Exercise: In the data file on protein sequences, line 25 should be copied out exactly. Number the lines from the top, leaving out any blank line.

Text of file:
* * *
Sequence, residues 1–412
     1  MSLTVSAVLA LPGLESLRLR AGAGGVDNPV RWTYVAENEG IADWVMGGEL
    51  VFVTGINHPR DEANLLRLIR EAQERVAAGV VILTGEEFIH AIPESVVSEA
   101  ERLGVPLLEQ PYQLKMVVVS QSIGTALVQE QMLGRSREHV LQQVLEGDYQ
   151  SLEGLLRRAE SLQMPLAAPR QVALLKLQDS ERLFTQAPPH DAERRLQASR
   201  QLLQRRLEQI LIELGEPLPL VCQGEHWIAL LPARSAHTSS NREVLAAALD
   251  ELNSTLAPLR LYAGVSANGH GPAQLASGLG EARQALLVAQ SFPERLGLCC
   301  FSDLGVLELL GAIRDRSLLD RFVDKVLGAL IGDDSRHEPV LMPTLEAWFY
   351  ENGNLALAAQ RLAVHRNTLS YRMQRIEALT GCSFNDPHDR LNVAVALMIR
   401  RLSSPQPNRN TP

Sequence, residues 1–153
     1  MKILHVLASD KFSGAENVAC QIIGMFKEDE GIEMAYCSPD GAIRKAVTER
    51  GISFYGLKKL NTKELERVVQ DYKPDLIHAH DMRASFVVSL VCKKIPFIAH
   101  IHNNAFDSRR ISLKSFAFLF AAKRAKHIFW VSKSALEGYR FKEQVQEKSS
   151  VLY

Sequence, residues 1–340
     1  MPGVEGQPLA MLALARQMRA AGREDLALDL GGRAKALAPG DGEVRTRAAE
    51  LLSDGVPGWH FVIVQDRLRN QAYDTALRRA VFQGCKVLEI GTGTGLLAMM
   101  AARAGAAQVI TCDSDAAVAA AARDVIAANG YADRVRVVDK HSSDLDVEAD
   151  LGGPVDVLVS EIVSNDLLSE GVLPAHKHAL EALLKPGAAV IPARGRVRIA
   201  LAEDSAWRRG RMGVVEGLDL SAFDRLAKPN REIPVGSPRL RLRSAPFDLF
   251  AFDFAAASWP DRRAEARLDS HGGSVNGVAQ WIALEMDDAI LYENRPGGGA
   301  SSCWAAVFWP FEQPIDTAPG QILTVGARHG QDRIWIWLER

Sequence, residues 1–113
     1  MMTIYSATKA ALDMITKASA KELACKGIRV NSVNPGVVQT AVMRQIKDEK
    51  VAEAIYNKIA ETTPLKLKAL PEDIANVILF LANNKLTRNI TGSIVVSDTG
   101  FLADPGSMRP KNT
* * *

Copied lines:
     1  MMTIYSATKA ALDMITKASA KELACKGIRV NSVNPGVVQT AVMRQIKDEK